How William Wrigley Jr. brought soap, gum and Chicago baseball broadcasting together

Early baseball owners feared radio, but Cubs owner Wrigley didn’t. When baseball was reinventing itself, Wrigley laid the groundwork for today’s great Chicago sports announcers.

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Cubs owner William Wrigley Jr., who saw the potential for radio broadcasting of baseball games, sports historian Eldon Ham writes.

Cubs owner William Wrigley Jr. Wrigley saw the potential for radio broadcasting of baseball games, sports historian Eldon Ham writes.

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The Cubs game on April 14, 1925, a victory over the Pittsburgh Pirates, was the first major league game broadcast over Chicago radio. Big league baseball would become the most followed sport on radio, and it still is. One reason is that baseball’s deliberate pace allows the game’s best announcers to bond with their listeners, a flow that could be impeded by the new pitch clock’s faster pace.

Baseball broadcasters not only do great play by play, they also engage in baseball stories and homespun chat, painting word images that take audiences beyond the diamond to connect with sentimental memories. Chicago is blessed with a history of especially good broadcasters working Cubs and White Sox games, including today’s announcers.

Yet none of this would have happened the way it did without another Chicago connection: William Wrigley Jr.

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Early baseball owners actually feared radio and rejected it. The New York owners even banned their home games from the airwaves for a five-year span in the 1930s. Most team owners thought no one would pay to attend games if they could hear the game for free at home.

The Cubs’ Wrigley, a natural marketer and innovative team owner, knew better.

Radio expands, baseball reinvents itself

The Roaring Twenties were the perfect time for baseball broadcasting, when Wrigley, Babe Ruth and radio all collided. America’s very first commercial broadcasting station was KDKA in Pittsburgh. Chicago’s first station, KYW, began broadcasting on Nov. 11, 1921.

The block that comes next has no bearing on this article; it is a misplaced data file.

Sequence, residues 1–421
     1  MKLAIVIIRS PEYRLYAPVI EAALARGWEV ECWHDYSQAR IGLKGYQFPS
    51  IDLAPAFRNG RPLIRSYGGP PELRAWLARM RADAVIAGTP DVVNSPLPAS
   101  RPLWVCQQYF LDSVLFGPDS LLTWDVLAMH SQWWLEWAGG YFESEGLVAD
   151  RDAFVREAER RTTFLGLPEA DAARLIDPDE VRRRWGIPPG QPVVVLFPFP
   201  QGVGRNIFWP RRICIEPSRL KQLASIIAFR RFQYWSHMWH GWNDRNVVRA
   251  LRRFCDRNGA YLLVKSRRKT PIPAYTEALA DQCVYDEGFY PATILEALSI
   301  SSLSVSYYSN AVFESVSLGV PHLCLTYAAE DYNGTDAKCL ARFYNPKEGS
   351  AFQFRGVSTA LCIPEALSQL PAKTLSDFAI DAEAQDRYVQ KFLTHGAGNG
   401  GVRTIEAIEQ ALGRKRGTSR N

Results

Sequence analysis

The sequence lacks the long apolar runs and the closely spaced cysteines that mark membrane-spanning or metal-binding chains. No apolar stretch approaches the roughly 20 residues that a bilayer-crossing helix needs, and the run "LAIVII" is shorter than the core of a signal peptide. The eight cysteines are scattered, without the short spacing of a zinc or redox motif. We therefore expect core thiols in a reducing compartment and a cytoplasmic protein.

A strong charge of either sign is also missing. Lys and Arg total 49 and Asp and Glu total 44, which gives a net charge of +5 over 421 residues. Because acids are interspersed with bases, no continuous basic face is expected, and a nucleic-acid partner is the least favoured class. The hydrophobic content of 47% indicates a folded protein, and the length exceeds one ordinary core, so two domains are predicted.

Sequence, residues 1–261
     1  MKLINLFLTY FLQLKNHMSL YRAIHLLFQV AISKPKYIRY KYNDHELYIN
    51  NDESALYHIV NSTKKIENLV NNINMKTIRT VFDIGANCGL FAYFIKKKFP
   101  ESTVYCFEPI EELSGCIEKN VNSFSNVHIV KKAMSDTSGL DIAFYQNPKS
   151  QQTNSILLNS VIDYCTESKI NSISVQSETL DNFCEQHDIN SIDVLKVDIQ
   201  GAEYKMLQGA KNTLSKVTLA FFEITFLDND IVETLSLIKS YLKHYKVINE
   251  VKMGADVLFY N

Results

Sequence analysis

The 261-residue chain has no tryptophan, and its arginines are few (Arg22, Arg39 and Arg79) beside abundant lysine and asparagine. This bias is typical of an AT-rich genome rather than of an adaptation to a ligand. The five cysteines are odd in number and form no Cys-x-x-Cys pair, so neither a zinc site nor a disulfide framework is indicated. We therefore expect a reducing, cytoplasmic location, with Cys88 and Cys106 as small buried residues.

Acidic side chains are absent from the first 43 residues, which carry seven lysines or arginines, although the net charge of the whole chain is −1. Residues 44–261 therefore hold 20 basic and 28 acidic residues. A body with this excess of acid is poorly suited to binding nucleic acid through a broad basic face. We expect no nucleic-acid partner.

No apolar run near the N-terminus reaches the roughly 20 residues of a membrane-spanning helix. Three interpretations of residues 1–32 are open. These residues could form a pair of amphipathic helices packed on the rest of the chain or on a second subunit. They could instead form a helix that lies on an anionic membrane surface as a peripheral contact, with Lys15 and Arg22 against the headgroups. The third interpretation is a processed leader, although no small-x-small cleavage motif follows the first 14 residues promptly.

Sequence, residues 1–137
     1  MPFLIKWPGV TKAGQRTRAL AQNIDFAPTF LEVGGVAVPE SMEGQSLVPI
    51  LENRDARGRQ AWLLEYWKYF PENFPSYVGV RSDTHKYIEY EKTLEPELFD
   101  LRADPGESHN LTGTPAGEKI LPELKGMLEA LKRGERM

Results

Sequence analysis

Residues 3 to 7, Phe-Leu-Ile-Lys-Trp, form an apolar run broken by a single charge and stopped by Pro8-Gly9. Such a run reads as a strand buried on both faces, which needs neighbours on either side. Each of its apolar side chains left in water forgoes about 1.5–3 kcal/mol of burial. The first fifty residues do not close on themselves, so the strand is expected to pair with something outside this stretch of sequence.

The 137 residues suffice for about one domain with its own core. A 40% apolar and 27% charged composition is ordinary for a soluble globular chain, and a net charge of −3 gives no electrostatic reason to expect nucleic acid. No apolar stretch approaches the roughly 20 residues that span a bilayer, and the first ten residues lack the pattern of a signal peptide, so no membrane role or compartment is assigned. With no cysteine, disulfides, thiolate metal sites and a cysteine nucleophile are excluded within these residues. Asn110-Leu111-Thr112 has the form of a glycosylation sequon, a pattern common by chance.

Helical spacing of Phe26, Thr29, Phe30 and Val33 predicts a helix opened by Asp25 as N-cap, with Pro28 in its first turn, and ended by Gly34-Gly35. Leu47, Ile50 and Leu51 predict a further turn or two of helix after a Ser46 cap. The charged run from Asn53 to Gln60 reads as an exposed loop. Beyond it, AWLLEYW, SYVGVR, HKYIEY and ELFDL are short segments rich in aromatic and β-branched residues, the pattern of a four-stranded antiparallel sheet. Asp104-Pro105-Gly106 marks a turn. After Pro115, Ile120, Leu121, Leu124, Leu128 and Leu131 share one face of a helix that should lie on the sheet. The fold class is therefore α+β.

From there, radio became widely commercialized, with over 500 stations operating nationally in 1922. By 1923, Chicago itself had at least 20 stations, including WMAQ, WBBM and WLS. KYW evolved into WDAP, then became WGN when it was bought by Col. Robert R. McCormick.

In those days, the major league game was also reinventing itself. In 1919, pitching phenom Babe Ruth slugged a whopping 29 home runs for the Boston Red Sox, nearly tripling his league-leading 11 from the year before. Red Sox owner and theatrical producer Harry Frazee won the World Series in 1918.

After that, the Red Sox faded, and Frazee sold Ruth to the Yankees, where Ruth smashed 54 homers in 1920 and 59 more the following year. He clubbed his season record 60 in 1927 for the famous “Murderers’ Row” Yankees. The long ball was on the map.

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Meanwhile, Wrigley the promoter made his first fortune selling soap in Chicago for his father’s Philadelphia company. When he hustled his soap with a new premium item, chewing gum, it was such a hit that he dropped the soap and kept the Wrigley gum business.

At the same time, Wrigley believed radio would increase baseball attendance, not reduce it, and he was right. When the Cubs games began broadcasting in 1925, stadium attendance more than doubled. Why? A promotions phenomenon called “billboarding” was spreading the Cubs all over the city, expanding awareness and generating interest everywhere. More and more people wanted to see the game live at Wrigley Field (so named in 1927).

Station owner Westinghouse estimated there were 20 operational Chicago radios in 1921, growing to 25,000 radios less than a year later. Even though KDKA was first, Chicago baseball broadcasting expanded exponentially, as did Chicago programming of all sorts.

Soon Motorola got into the act. In 1928, local brothers Paul and Joseph Galvin founded Galvin Manufacturing in Chicago, and by 1930, with a new brand name that combined “motorcar” with “Victrola,” they introduced the first Motorola car radio. Baseball broadcasting would soon have yet another market.

By 2015, when the Cubs radio rights were sold to WBBM, the deal was reportedly worth $70 million. Driven by national deals from ESPN and others, televised baseball is currently producing about $100 million per year, per team. But it all began during the Roaring 1920s with KDKA, WGN radio, Ruth’s homers and Wrigley soap.

When the Cubs opened their 2023 season on March 30, the game was carried by WSCR sports radio. Nielsen reports that nearly 12% of all Americans listen to at least one baseball game on the radio each year. Many of us take in much more.

Batter up.

Eldon Ham is a member of the faculty at IIT/Chicago-Kent College of Law, teaching sports, law and justice. He is the author of five books on the role of sports history in America.

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